A Wolf By The Ears
(A One Act Play)
By Mattie Lennon
SERGEANT MARTY OíLEARY : A man in his late thirties.
When the play opens OíLeary looks slightly dishevelled
with shirt open and tie loosened. He seems confident when talking to his
friend on the phone but for the reminder of the time he appears to be unsure
GARDA BILL KILGANNON :A man in his mid forties.
He looks clumsy, moves slowly and has an agricultural
appearance about him. He wears the heavy Garda overcoat and cap at all
times and mostly keeps his hands in his pockets. He tends to lean against
something whenever possible.
GARDA PADDY BLACK : A man in his late thirties.
He is dressed fairly tidy and is wearing well-worn shoes
and a very old watch. He shows signs of parsimony when parting with coins
and on more than one occasion he rummages in his pockets, finds a very
short cigarette butt, which he lights from the fire with a paper spill.
GARDA LIAM ASHE: A man in his early thirties.
He is impeccably turned out : his uniform trousers pressed
like razor blades and his shoes shining. He wears a signet ring, tie-pin,
cuff-links and a fashionable watch.
He has a habit of filing his nails, replacing the nail
file in his tunic pocket only to retrieve it a few seconds later. At every
opportunity he looks in the mirror, combs his hair or straightens his tie.
He also admires his reflection in the window.
MILEY LANNIGAN : A man in his mid twenties.
He is dressed in farmers working clothes with turned
down Wellingtons. His boots, trousers and jacket show traces of bovine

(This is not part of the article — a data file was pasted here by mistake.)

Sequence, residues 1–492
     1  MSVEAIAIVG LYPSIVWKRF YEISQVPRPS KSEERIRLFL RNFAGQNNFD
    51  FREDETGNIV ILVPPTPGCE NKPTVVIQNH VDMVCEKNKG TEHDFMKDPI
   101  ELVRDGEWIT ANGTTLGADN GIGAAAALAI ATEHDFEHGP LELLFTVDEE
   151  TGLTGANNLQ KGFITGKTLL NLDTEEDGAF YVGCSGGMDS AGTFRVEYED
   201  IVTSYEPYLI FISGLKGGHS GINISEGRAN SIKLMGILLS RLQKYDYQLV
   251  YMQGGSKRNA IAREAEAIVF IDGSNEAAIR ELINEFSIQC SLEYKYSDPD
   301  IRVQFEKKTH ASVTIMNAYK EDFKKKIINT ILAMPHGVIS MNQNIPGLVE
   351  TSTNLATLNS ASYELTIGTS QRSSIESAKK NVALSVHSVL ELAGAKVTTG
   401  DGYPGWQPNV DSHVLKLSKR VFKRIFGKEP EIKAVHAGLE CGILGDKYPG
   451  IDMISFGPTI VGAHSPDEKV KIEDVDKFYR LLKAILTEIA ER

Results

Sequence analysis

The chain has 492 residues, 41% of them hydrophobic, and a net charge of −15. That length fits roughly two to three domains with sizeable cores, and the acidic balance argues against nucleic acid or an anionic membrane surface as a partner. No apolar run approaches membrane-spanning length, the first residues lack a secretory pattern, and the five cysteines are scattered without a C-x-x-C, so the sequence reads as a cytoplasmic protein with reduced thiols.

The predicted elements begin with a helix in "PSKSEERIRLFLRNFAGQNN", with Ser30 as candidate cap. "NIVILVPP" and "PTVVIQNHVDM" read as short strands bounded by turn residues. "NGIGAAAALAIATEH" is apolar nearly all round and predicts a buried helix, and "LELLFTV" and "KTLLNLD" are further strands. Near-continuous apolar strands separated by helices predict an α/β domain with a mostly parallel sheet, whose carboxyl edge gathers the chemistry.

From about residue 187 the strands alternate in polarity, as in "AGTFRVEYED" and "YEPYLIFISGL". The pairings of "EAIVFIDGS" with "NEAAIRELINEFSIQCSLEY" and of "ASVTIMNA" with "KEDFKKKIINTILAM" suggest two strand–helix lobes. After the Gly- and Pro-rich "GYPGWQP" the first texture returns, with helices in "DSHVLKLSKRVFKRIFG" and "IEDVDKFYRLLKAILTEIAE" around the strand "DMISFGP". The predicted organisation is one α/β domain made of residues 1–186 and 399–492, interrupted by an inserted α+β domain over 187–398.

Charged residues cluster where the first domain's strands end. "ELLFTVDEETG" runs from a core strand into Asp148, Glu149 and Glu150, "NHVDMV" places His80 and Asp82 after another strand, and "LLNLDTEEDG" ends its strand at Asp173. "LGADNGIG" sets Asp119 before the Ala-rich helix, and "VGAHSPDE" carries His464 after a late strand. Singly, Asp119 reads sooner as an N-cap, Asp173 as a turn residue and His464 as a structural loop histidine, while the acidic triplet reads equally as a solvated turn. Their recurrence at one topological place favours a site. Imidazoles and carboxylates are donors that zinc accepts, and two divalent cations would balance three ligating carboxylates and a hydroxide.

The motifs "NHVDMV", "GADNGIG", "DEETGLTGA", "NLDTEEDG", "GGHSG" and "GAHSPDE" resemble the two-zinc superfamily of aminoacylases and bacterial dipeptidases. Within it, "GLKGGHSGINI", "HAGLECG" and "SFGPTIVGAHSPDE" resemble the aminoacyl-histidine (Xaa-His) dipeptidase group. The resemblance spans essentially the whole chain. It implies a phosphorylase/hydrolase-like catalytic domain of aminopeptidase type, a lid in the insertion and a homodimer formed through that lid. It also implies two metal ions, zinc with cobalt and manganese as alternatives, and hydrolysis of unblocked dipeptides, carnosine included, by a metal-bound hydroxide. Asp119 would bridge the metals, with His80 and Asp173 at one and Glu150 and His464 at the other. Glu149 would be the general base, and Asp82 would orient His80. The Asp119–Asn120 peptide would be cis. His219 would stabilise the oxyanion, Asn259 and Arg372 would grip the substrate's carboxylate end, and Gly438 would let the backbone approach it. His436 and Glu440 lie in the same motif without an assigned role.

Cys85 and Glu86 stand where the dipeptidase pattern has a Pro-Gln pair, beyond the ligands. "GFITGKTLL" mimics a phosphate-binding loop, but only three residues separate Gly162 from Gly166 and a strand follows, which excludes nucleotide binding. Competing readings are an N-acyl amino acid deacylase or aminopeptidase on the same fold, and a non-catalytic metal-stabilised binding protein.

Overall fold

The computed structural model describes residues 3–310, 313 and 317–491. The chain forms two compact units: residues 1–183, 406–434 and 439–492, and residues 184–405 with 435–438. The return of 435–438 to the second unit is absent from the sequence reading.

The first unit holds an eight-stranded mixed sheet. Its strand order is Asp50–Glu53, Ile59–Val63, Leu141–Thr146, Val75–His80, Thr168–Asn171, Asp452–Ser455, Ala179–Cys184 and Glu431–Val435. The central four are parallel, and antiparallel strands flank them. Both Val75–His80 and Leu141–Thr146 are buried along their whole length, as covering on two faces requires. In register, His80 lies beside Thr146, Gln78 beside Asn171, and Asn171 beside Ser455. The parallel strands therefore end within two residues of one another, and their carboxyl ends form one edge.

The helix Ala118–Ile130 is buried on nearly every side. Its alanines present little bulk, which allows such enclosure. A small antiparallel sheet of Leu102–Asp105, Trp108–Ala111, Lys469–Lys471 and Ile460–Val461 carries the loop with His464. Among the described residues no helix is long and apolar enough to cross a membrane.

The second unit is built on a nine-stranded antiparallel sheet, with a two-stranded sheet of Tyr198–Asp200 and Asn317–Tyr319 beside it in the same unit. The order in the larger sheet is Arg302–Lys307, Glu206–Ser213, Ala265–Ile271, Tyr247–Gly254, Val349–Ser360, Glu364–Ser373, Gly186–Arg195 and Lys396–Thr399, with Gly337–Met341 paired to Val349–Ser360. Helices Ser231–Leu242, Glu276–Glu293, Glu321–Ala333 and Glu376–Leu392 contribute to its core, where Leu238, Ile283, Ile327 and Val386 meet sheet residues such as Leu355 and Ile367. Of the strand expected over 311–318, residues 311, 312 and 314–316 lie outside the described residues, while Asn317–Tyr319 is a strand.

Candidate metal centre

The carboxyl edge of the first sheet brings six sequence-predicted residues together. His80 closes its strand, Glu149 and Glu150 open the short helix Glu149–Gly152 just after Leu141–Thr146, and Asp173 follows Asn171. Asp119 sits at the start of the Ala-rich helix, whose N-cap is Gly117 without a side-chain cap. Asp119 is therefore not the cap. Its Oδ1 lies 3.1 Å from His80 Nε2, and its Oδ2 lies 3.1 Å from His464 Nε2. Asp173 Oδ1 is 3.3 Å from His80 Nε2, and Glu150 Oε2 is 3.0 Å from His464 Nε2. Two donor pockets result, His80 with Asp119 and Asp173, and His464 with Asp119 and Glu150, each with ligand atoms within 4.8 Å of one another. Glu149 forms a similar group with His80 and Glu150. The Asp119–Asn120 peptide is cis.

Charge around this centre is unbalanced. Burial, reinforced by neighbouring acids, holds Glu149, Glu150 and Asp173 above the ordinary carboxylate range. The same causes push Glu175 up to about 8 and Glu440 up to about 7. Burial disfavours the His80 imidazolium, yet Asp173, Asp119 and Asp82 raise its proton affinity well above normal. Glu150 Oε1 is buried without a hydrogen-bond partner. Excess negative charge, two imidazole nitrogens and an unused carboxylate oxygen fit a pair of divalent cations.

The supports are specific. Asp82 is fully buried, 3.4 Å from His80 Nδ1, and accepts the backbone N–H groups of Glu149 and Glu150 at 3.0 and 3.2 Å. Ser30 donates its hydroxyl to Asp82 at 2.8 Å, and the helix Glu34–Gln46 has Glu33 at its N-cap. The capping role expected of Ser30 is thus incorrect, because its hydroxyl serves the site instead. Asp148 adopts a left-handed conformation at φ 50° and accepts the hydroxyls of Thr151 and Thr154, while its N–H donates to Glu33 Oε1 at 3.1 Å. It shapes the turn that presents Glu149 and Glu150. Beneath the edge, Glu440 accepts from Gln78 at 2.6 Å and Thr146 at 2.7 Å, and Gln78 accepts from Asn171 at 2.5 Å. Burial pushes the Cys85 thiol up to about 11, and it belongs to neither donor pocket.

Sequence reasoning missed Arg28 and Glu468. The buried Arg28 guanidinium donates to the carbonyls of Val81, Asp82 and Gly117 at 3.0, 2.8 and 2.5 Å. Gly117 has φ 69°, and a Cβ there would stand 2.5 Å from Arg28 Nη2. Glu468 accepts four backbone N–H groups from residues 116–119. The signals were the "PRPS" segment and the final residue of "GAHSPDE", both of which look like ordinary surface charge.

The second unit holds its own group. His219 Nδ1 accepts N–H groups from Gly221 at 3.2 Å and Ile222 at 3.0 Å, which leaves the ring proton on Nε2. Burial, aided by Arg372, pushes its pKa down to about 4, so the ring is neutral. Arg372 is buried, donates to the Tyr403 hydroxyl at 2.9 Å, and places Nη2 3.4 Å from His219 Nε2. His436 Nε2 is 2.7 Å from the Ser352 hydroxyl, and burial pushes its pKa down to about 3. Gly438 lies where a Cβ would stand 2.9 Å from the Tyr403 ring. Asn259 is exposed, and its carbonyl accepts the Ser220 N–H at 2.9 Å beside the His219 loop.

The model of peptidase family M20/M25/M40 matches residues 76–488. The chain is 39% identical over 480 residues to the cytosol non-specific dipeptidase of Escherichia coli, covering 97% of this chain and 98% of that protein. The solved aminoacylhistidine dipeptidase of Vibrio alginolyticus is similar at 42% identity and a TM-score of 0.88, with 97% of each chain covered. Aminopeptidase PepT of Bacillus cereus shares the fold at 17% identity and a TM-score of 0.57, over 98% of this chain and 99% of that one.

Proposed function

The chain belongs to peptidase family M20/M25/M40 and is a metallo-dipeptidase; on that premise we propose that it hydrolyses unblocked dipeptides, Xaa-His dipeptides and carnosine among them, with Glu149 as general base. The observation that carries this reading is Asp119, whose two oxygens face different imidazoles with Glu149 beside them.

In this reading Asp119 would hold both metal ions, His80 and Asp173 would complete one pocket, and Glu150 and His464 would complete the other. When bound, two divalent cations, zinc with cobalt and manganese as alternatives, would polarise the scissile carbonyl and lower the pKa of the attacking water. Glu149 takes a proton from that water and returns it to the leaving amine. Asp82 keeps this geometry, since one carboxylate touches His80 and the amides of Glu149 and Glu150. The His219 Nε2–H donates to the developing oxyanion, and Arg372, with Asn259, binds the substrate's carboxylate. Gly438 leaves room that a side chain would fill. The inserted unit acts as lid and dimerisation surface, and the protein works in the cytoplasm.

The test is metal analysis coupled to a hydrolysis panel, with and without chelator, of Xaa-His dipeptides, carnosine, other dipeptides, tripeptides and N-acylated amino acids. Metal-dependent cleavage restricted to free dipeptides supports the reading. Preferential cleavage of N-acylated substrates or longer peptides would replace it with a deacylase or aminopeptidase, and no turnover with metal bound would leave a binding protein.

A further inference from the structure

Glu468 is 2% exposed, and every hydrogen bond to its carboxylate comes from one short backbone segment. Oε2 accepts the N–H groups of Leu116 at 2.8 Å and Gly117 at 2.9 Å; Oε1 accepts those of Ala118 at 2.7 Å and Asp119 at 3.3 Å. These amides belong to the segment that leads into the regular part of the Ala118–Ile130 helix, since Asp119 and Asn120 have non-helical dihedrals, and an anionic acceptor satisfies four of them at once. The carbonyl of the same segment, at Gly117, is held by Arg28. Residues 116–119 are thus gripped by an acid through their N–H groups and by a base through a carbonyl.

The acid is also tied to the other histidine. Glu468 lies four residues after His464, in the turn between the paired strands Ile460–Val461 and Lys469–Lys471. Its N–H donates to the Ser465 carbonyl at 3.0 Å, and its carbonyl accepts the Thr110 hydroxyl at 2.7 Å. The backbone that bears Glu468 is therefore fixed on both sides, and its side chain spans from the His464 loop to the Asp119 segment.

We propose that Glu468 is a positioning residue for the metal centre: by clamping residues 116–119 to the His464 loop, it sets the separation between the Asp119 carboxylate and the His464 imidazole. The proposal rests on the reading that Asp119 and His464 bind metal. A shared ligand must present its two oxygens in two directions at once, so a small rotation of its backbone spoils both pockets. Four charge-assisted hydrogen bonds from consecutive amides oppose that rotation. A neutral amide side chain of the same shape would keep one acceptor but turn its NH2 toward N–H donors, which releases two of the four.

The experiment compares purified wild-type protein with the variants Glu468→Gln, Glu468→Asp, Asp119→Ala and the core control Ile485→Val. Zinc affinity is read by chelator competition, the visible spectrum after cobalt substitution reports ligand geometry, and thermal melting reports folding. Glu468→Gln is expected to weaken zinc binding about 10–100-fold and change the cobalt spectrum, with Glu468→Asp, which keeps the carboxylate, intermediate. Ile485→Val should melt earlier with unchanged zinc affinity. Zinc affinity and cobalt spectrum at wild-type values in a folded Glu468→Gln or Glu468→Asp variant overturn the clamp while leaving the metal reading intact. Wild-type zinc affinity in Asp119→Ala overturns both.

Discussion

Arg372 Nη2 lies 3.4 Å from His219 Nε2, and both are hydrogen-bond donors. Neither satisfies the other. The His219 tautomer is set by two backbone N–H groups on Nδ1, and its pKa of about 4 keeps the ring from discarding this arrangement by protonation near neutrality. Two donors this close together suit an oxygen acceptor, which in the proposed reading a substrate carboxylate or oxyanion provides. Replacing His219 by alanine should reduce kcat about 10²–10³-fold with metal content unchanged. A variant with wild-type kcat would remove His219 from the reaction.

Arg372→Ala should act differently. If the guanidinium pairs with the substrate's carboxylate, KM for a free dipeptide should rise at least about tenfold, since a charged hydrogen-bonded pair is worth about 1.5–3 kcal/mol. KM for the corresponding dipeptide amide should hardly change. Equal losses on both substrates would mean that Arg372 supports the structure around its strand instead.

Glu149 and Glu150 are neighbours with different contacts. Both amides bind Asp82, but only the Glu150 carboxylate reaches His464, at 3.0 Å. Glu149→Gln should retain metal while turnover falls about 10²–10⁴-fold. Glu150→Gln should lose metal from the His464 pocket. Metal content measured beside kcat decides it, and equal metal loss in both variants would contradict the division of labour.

excrement and judging by the expressions on the faces of the Gardai his
clothes are offensive to the olfactory sense. He is unshaven.
(ALL DIRECTIONS ARE GIVEN FROM THE AUDIENCEíS VIEWPOINT)
The action takes place in the dayroom of a small Garda
Station in a village in West Wicklow. The time is the late sixties.
There is a fireplace in the back wall, left of centre.
To the right of centre is a door leading to the living quarters. On this
door is a badly handwritten notice, PRIVATE .
In the right hand wall there is a window and a door leading
to the street.
Near the front in the L/H wall is a door leading to a
A baton and Garda raincoat hang on a Peg-board on the
L/H wall and beside it an old advertising mirror.
Notices on the wall include an advertisement for a Garda
Benefit Concert, a sign about the licensing of firearms and another giving
a list of penalties under the Noxious Weeds Act 1910.
There is a desk in front of the fire and a metal filing
cabinet stands in the back R/H corner. Thereís a Garda cap on top of the
When the play opens a clock on the mantelpiece is showing
five minutes to five and a desk calendar proclaims it to be Tuesday, November
(Sergeant is sitting at desk)
SERGEANT : (Leaving down Sporting Press and making
phone call) Hoya Mick.....Marty here.....I see you have Slaheny Squire
running in the fourth race at Newbridge tonight.......is he in with a chance
or is he........?
No. I'm on my own here.......right so......Ashe, The Male
Mannequin, is due in any minute.....of course all he wants is the station